Bernie Williams was born in 1968 in San Juan, Puerto Rico. He grew up on the island, excelling in track and field, baseball, and music up through his teenage years. When Williams was 16, he was noticed by Yankee scout Roberto Rivera, who wanted to sign him. The age of eligibility to sign with an MLB team was 17, so the Yankees stashed Williams away in a Connecticut baseball training camp until his 17th birthday, when he could officially signed with the team.
During his first year in the minors, Williams was simultaneously enrolled in pre-med classes at the University of Puerto Rico. He soon realized he could not focus on both ambitions, and he chose to continue his baseball career. Williams spent more than five years in the Yankees' minor league system, but he truly put himself on the map during his 1988 stint with the High-A team, when he hit .335/.449/.487. Prior to the 1991 season, Williams was ranked as the eleventh best prospect in baseball by Baseball America and hit .294/.372/.458 in 306 at-bats in Triple-A.
Williams debuted in the Major Leagues halfway through the 1991 season to replace the injured Roberto Kelly. He played poorly and was sent back down to the minors. He continued to serve as an injury replacement over the next year, and he became the Yankees' starting center fielder in 1993. Despite numerous rumors that Steinbrenner planned to trade Williams, he remained with the Yankees and had a major break out year in 1995, playing 144 games and hitting .307/.392/.487 with an OPS+ of 129. He also had his first taste of the postseason, hitting .429/.571/.810 in 21 at-bats in the ALDS against the victorious Mariners.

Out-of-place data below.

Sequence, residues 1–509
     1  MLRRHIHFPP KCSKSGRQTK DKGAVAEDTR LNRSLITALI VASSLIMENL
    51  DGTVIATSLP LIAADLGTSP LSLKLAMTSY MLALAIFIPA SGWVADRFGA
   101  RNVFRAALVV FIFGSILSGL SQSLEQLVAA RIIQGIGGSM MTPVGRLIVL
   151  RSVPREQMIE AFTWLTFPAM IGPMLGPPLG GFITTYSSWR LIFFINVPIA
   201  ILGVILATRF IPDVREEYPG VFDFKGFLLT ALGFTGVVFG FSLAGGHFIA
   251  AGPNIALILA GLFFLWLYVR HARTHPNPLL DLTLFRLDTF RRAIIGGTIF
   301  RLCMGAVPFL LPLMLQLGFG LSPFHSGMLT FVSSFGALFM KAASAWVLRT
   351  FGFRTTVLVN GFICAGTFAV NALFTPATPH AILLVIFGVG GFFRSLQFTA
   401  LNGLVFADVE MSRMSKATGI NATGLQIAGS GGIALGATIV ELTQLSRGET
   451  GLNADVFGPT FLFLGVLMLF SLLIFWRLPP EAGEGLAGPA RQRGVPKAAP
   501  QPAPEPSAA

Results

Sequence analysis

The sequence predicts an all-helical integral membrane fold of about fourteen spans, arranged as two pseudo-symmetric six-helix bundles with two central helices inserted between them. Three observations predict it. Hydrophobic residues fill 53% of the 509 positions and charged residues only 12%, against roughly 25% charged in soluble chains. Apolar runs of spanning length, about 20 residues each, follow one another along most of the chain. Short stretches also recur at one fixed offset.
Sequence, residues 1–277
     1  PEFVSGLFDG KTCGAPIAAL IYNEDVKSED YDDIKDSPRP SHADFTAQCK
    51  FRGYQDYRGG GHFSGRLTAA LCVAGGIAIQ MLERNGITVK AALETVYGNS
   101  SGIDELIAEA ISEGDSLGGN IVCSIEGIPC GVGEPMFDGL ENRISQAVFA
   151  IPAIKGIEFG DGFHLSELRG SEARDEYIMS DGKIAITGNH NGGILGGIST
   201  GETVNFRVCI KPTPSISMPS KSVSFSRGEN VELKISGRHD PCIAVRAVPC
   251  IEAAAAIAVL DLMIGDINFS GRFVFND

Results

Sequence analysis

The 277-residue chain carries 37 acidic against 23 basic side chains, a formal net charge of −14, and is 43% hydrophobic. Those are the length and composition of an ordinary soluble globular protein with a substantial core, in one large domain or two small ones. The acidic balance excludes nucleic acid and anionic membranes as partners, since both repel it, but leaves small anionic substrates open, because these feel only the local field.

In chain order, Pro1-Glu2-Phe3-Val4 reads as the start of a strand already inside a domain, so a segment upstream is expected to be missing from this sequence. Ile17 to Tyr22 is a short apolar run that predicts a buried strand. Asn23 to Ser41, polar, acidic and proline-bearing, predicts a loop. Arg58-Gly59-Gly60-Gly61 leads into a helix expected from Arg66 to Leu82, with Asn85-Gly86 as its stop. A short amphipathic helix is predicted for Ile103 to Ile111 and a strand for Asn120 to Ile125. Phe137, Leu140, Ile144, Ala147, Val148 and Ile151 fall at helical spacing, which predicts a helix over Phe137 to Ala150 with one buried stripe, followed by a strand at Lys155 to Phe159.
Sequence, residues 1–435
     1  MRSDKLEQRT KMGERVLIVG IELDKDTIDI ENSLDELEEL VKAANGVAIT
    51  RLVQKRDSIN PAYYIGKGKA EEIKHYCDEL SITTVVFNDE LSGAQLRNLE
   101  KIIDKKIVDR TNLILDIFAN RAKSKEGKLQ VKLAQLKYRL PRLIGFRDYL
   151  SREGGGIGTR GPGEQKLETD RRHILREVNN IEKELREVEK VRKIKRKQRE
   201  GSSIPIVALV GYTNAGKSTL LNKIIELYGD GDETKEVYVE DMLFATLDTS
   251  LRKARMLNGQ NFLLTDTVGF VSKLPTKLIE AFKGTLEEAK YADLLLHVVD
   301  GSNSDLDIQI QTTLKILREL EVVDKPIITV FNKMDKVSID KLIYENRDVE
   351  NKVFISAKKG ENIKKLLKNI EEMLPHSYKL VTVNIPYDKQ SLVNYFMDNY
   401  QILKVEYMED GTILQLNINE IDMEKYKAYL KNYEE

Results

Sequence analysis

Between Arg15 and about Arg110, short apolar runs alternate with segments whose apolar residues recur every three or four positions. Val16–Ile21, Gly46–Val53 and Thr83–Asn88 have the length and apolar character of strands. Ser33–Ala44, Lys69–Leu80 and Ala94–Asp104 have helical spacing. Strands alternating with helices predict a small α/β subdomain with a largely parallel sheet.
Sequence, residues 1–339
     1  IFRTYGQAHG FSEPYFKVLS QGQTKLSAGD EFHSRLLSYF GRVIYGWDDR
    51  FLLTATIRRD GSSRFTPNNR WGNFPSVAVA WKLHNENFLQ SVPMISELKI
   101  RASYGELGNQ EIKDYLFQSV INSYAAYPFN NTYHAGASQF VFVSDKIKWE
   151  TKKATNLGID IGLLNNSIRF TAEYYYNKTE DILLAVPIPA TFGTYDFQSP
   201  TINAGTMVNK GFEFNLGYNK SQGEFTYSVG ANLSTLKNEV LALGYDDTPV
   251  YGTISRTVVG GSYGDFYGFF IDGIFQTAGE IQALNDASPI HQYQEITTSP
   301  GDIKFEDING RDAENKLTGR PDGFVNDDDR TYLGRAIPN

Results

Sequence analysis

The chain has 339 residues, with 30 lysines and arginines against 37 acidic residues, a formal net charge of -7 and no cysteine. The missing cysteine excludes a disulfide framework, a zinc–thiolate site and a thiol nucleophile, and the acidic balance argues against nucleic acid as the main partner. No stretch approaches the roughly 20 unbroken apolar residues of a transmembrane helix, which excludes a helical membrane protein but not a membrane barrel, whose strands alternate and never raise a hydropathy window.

Results: 143 G, .305/.391/.535, 29 HR, 102 RBI, 131 OPS+
In 1996, Williams had his best offensive year to that point. He hit 11 more home runs than his previous career-high and stole what would remain a career-high 17 bases at an 81% clip (7th in the majors). But where Williams really shined in 1996 was the postseason. In the ALDS against the Rangers, he hit .467/.500/1.067 with three home runs, two of which came in the same game.
Williams somehow played even better in the ALCS against the Orioles. While Game 1 of the series is perhaps best known for being the Jeffrey Maier game, that Jeter "home run" actually only tied the score. It was Williams who went on to win the game for the Yankees, hitting a walk-off home run in the bottom of the 11th inning.
In the ALCS overall, Williams hit .474/.583/.947 and was crowned the 1996 AL ALCS MVP. In the World Series against the Braves, he only hit .167/.259/.292, but he helped the Yankees turn the tide of the series in their favor after losing the first two games of the series with a two-run home run in Game 3. The Yankees won the series in six games.
What did he do after?
Williams remained with the Yankees for the rest of his 16-year career. During that span he was voted an All-Star five times (1997, 1998, 1999, 2000, 2001) and won a variety of awards, including four Gold Gloves (1997, 1998, 1999, 2000), one Silver Slugger (2002), and the 1998 AL Batting Title. He ended his career with an absurd batting line of .297/.381/.477, which includes the less impressive later years of his career. His name is present on almost every Yankee all-time leaderboard. He won four World Series titles with the Yankees (1996, 1998, 1999, 2000), overall hitting .275/.371/.480 during his career in the postseason. He is the all-time leader in postseason RBI with 80 and is second in postseason home runs with 22.
After the 2006 season, Williams did not play in the majors again. Instead, he turned his attention to his other love, music. He studied jazz performance at the Manhattan School of Music, and in 2003 released his first jazz album, "The Journey Within." He released his second album in 2009, ultimately being nominated for a Grammy award. In 2015, Williams finally officially retired from baseball in a ceremony at Yankee Stadium, during which his number was retired by the team.